Hallandale Beach officials altered city pension guidelines to enable the son-in-law of former city manager Mike Good to join a lucrative management-only pension plan after it was closed to additional employees.
The policy revisions made by top city staff – apparently without city commission approval – extended the defined-benefit plan’s cutoff date, allowing Douglas Grant Baber to participate.
City records obtained by BrowardBulldog.org state that in 2006 then-City Manager Good ordered the plan shut to new management employees effective January 1, 2007.The move followed complaints by city commissioners about the plan’s escalating costs. Instead, those employees would enter a 401(a) defined contribution plan.
But that deadline would soon change.
On March 5, 2007 then-Assistant City Manager Mark Antonio sent an email to Human Resources Director George Amiraian, with a copy to Good, with the subject line “Pension Options for Douglas Baber.”
Baber was hired as an administrative analyst in early 2006 and in February 2007 he was promoted to personnel analyst. It was a position that would have made him eligible for the management retirement plan if it were still in effect, and Baber wanted in.
Antonio’s memo says that because of the January 1st deadline he had “assumed” Baber would instead enter the other plan.
“However, based on our recent conversations, it appears Doug (Baber) is expecting to enter the Defined Benefit (management) Plan and I’m not sure how to accomplish that without a new pension plan amendment and ordinance,” Antonio said. “Please set up a meeting to discuss with me and or the city manager.”
No record of that meeting could be located. But handwritten notes on a copy of the same email maintained in city files indicate that Good OK’d Baber’s entry into the management plan.
“Sent Doug app. for DB plan per C.M.,” the notes on Antonio’s email say.
Baber, now 37, married Good’s daughter on March 31, 2007.
Good, a 25-year city employee who served as city manager from 2002 until his dismissal for excessive absences and other reasons in June 2010, did not respond to requests for comment.
Baber, who no longer works for the city, declined to comment.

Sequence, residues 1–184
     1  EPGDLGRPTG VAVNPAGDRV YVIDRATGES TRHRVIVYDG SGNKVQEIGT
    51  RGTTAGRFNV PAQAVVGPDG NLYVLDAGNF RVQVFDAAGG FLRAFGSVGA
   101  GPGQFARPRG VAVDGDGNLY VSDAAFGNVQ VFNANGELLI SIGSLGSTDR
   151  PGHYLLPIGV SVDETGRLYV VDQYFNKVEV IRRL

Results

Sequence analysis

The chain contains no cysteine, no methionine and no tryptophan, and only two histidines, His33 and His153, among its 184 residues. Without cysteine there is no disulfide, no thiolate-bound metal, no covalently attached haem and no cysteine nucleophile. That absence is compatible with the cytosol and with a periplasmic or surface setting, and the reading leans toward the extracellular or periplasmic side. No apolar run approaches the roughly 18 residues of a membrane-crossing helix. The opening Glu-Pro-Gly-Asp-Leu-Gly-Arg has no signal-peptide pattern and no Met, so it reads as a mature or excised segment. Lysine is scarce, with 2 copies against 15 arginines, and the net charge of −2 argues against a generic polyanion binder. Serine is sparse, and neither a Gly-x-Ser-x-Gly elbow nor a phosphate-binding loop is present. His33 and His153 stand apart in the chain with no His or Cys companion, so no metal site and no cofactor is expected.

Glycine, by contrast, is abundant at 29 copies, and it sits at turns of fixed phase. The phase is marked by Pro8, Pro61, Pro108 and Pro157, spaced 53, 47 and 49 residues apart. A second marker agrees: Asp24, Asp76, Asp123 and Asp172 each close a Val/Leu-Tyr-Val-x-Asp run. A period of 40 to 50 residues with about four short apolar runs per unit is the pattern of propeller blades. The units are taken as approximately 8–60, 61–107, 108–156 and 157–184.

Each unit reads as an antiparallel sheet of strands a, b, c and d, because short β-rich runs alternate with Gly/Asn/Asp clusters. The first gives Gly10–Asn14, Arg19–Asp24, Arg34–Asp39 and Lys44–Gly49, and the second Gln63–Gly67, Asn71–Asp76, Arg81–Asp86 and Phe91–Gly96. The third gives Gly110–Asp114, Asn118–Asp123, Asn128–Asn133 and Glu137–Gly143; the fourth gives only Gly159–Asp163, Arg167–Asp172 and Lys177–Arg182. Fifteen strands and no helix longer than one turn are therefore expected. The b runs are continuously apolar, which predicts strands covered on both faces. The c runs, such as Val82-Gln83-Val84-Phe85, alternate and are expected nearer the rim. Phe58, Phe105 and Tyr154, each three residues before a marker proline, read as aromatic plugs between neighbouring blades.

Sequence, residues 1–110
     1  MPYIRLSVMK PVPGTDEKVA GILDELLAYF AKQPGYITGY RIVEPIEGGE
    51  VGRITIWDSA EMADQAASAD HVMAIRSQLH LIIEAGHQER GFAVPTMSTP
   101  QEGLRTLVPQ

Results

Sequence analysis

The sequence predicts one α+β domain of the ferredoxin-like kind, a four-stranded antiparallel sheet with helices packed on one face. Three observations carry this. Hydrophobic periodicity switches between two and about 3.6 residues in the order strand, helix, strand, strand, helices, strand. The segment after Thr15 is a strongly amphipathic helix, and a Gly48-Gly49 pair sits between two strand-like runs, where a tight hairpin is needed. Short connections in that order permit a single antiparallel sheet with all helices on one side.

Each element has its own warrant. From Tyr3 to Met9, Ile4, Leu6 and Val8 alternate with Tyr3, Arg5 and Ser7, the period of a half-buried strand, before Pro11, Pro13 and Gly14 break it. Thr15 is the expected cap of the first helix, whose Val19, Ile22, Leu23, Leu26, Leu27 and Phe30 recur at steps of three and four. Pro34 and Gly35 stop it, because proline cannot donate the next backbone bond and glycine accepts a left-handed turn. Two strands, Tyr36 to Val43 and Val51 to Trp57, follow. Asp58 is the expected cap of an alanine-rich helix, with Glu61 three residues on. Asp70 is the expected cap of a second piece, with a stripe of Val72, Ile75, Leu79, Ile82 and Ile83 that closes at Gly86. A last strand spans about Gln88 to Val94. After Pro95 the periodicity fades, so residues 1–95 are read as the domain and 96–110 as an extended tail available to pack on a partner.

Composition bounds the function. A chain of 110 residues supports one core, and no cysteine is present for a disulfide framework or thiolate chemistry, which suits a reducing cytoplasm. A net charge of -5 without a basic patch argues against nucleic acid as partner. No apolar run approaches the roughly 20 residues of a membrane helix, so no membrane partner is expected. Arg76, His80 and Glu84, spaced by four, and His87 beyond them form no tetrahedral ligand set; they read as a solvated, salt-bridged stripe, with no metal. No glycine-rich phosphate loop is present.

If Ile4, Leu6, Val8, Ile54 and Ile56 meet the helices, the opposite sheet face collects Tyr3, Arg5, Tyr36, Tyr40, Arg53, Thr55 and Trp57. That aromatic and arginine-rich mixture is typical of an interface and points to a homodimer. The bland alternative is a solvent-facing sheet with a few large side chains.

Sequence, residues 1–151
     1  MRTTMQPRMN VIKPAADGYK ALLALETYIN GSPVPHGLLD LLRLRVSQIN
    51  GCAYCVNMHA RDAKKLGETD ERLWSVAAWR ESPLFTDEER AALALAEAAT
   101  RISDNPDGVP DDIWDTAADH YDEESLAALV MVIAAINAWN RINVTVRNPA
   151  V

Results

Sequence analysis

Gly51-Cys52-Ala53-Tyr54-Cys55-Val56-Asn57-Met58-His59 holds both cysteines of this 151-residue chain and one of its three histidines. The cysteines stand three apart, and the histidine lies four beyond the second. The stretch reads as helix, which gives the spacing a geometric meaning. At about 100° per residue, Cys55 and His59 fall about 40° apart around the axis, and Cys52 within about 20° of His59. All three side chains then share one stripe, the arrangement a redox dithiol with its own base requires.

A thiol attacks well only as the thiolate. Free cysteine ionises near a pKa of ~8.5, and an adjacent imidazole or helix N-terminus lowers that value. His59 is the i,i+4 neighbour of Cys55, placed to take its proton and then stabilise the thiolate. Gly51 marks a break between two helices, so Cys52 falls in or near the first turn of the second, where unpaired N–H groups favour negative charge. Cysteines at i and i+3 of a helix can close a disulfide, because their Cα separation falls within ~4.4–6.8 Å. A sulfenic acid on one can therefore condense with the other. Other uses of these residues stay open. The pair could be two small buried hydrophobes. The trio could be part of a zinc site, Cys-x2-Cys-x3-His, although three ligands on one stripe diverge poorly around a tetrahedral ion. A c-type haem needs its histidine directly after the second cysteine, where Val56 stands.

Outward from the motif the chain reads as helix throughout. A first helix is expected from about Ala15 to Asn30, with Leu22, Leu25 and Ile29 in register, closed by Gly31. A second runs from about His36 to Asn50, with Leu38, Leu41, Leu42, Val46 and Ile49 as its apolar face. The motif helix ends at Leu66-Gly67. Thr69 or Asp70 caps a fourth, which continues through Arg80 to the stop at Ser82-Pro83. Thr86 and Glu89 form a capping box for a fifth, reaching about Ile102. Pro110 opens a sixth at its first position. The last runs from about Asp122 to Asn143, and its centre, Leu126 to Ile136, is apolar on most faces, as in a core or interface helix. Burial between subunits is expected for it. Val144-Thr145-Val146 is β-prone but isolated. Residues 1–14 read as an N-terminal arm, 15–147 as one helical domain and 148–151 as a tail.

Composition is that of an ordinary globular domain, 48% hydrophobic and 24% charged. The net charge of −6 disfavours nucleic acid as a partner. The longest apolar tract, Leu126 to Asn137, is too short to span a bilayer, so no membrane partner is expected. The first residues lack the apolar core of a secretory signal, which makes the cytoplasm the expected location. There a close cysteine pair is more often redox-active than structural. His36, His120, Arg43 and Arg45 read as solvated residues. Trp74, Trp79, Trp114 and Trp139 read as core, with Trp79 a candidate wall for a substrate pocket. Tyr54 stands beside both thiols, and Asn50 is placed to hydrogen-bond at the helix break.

Antonio’s solution, it turned out, did not require an amendment to the pension plan or a new city ordinance.
He explained his decision in twin memos to Amiraian and representatives of the company that administers the pension plan, the Principal Financial Group, on May 17, 2007.
The memos state in part that employees hired prior to Oct. 1, 2006 and promoted to a “professional/management” position prior to Oct. 1, 2010 – a description that fit Baber – “will be eligible to enter the defined benefit (management) plan.”
Antonio’s memos cite no authority for that decision, nor do they explain why the change was being made.
The city clerk’s office said it could not locate any reference to the policy change in city commission minutes.
Browardbulldog.org asked Amiraian how Baber was allowed into the management pension plan after it was closed. His assistant, Radu Dodea, later cited Antonio’s memos to show how it was accomplished.
A Principal Financial Group enrollment form in Baber’s personnel file showed he was placed in the management plan as of his promotion date on Feb. 5, 2007. That form is dated April 18, 2007.
The Professional Management Retirement Plan, approved and implemented by the city commission in 2001, boosted pensions for top city bureaucrats in several costly ways. For example, it was calculated to equate their jobs to the “high risk” duties of police and firefighters and granted retroactive credit for prior years of service even if they were in another city retirement plan.
Baber, whose annual salary was $65,000, resigned after five years of city employment on Feb. 22, 2011. When he left, he took a pension plan payout of nearly $20,000.
Today, the city is suing Baber for failing to repay $6,400 in tuition reimbursements he received. Baber, however, has sought bankruptcy protection in federal court in Fort Lauderdale.
Antonio, who succeeded Good as city manager and retired last June, would not discuss the policy changes, saying he could not recall the circumstances.
Former City Commissioner Keith London, who lost a race for mayor in November, said the reason for the retirement plan deadline change is apparent to him.
“It’s obvious it was for Doug Baber,” London said. “This was all Good’s doing. Who else could do it?”